10

How to Enable and Use Reachability with the iPhone 6

Posted by Jim Tanous on September 19, 2014
iPhone 6 Plus Reachability

Apple’s new iPhones — the iPhone 6 and iPhone 6 Plus — are notably larger than their predecessors. With respective screen sizes of 4.7- and 5.5-inches, some users may find it difficult to comfortably reach every on-screen button or menu, especially while using the iPhone one-handed. Apple has made some hardware modifications to make it easier to handle these behemoths, such as moving the lock button from the top to the right side of the phone, but some software changes were necessary, too.
One such change is the introduction of something Apple calls “Reachability.” Reachability is a software option that lets users temporarily move the iPhone 6 user interface down towards the bottom of the screen, so that those with smaller hands or those using the phone single-handed can more easily reach the desired UI element. A similar feature can also be found on large Android smartphones, so if you’re transitioning from Android to iOS, you may already recognize Reachability.
Reachability is enabled by default, but if for some reason it’s not, or if you want to disable it, you can find its toggle switch in Settings > General > Accessibility. Scroll all the way down to the bottom of the window and you’ll find an option labeled Reachability in the “Interaction” section. Toggle the button to the right (green) to enable Reachability; slide it to the left (white) to disable it.
iPhone 6 Reachability Enable
Once Reachability is enabled, you can use it at any time by double-tapping the home button. Now, a lot of folks misinterpret that instruction so we’ll go over it again. To use Reachability, you want to double-tap on the home button, not double-click. To distinguish between the two actions, a “click” is actually pressing the button, and double-clicking the iPhone 6 home button will take you to the app switcher.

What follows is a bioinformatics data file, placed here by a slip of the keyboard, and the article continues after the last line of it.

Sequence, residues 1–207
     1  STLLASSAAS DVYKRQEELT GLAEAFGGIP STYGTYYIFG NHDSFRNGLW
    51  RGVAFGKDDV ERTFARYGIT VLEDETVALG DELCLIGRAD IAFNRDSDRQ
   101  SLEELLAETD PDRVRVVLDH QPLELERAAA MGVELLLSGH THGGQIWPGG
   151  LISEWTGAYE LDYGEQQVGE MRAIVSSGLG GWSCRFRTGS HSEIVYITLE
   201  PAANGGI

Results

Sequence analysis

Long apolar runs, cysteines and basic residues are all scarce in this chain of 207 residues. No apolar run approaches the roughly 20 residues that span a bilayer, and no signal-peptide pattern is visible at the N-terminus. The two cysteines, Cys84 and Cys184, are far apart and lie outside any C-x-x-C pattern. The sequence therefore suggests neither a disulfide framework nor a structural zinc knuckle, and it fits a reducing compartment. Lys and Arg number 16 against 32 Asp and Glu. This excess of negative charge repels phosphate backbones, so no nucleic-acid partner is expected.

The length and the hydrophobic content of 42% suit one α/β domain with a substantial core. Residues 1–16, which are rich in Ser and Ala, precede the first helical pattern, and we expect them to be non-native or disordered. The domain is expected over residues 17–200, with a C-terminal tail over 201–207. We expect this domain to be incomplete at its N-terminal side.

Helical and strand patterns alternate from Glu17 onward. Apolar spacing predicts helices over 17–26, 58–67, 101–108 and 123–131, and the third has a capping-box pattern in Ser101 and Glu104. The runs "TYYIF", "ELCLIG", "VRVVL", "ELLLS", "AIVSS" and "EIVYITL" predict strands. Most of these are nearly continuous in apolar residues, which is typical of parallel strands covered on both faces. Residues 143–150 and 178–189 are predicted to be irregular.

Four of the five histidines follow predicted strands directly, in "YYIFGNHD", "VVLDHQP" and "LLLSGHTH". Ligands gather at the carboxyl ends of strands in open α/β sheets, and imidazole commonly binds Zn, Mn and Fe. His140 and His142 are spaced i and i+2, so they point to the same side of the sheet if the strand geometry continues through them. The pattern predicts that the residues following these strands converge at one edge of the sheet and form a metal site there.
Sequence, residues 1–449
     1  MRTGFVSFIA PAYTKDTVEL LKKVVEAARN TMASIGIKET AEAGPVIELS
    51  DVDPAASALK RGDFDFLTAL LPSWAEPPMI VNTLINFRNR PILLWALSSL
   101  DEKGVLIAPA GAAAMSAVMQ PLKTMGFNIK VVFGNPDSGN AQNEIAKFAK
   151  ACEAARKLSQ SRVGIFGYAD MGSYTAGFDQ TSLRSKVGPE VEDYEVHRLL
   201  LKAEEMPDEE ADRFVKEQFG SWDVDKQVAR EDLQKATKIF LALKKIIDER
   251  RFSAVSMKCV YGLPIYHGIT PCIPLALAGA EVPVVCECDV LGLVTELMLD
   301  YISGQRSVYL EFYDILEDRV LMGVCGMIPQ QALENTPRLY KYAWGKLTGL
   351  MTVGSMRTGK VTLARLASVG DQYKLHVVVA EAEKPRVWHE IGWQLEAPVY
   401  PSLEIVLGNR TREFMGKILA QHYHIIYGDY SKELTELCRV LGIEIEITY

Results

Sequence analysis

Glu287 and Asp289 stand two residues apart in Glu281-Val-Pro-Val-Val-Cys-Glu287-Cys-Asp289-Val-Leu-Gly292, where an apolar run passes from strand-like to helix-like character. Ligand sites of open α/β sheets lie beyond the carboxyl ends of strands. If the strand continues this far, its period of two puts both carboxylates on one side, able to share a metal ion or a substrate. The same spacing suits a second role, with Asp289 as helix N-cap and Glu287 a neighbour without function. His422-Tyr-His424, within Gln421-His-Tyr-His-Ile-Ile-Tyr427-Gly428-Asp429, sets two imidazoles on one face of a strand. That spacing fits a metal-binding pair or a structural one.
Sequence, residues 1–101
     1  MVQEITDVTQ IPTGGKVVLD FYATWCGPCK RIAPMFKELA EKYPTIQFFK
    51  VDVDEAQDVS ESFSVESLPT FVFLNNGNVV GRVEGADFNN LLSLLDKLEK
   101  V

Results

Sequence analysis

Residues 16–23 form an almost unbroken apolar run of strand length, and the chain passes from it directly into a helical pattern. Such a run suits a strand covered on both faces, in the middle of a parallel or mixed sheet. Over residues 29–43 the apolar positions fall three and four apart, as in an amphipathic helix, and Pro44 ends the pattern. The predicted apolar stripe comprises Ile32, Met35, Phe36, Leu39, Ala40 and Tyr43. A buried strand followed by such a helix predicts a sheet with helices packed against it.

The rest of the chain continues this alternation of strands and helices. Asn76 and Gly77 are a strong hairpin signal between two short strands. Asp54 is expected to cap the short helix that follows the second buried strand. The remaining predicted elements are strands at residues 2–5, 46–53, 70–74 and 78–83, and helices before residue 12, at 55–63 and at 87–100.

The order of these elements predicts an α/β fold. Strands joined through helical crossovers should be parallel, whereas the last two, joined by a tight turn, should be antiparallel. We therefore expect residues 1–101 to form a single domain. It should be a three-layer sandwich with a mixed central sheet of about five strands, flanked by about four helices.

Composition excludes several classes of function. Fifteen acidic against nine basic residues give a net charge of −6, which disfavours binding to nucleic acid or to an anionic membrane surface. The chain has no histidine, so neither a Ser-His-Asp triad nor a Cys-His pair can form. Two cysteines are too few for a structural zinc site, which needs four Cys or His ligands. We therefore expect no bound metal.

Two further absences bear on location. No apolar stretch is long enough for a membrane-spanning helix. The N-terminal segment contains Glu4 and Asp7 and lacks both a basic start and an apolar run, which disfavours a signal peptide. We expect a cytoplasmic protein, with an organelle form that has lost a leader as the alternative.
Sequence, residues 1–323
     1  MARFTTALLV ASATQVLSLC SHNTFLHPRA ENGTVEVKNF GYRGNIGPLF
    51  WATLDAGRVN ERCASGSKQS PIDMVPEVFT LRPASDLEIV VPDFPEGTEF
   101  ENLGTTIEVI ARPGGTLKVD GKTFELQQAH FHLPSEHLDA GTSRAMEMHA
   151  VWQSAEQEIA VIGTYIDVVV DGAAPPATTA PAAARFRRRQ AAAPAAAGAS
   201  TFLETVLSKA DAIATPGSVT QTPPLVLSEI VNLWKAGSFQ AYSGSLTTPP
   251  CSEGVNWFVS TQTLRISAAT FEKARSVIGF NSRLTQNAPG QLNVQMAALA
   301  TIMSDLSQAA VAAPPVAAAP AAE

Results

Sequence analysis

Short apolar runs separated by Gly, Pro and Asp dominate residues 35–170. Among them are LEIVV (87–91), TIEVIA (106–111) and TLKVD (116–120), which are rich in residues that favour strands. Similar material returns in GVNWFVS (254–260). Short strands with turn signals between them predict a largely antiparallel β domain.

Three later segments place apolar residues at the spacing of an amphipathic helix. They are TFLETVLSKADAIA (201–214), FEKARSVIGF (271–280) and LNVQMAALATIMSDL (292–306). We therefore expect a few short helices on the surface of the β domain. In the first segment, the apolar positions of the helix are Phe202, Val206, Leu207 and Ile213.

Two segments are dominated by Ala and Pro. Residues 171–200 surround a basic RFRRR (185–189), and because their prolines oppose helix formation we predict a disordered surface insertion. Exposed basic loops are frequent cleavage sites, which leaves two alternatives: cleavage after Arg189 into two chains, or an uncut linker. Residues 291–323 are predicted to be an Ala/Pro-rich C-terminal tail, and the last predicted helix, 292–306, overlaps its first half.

Related: Speaking of the iOS 8 App Switcher, check out this separate tutorial on how to hide favorite and recent contacts from the top of the multitasking window.

By contrast, a “tap” is just what it sounds like: a light tap on the button, without enough force to actually depress it. If you’ve used Touch ID you’re already familiar with the “tap” concept, as Touch ID itself only requires a gentle tap.
iPhone 6 Reachability Safari
Now that we’ve got that sorted out, go ahead and double-tap on the iPhone 6 home button. No matter where you are in the user interface — a Safari browser window, a third-party app, or even the home screen — the entire screen will slide down, hiding the bottom half and displaying the top half in the bottom 50 percent of the phone’s screen. This (hopefully) brings any unreachable UI elements easily into the reach of your thumbs or fingers.
iPhone 6 Reachability Home Screen
Once you’ve successfully reached the button or option you were previously stretching for, just tap the now blank top portion of the screen or the home button again to return to a normal display. The screen will also snap back after about 10 seconds of inactivity, so make your choice quickly!

10 thoughts on “How to Enable and Use Reachability with the iPhone 6”

Alicia Salas says:
What a great feature for those of us with normal sized hands.
Reply
Kimmy says:
This is good to know! I hate that feature and also thought something was wrong with my phone. Completely useless. I turned it off. Thanks!!
Reply
Hana Salam says:
Thank a lot for the info…. i thot something was wrong with my phone…
Reply
Danmansonman says:
Windows Phone method is easier (hold home for fraction of a second), and it also brings down the whole interface including the notification centre.
Reply
Shinola says:
It’s of no use my to me. What is supposed to be gained? The top half is empty. I have the smaller of the 6s, so I suppose it’s really meant for the phablets. Text + talk, and the web when absolutely necessary, otherwise the rest is useless. Who’s actually monitoring their heart rate and how many steps they took. Perhaps the government will do away with those that don’t meet the criteria? (jk)
Reply
John says:
still not as good as samsungs solutions to the one handed problem
Reply
Brandon King says:
huh. i was wondering why it did that
Reply
Pennyfold says:
Thanks for explaining this, I wondered what was going on! I noted that this feature doesn’t work when any app is being viewed in landscape.
Reply
Aabhishek Bedi Varma says:
My iPhone doesn’t make the swish noise while acceding reachability
Reply
Ultima says:
Thanks! I had no idea what the feature was for!
Reply

Leave a Reply

Your email address will not be published. Required fields are marked *


Disclaimer: Some pages on this site may include an affiliate link. This does not effect our editorial in any way.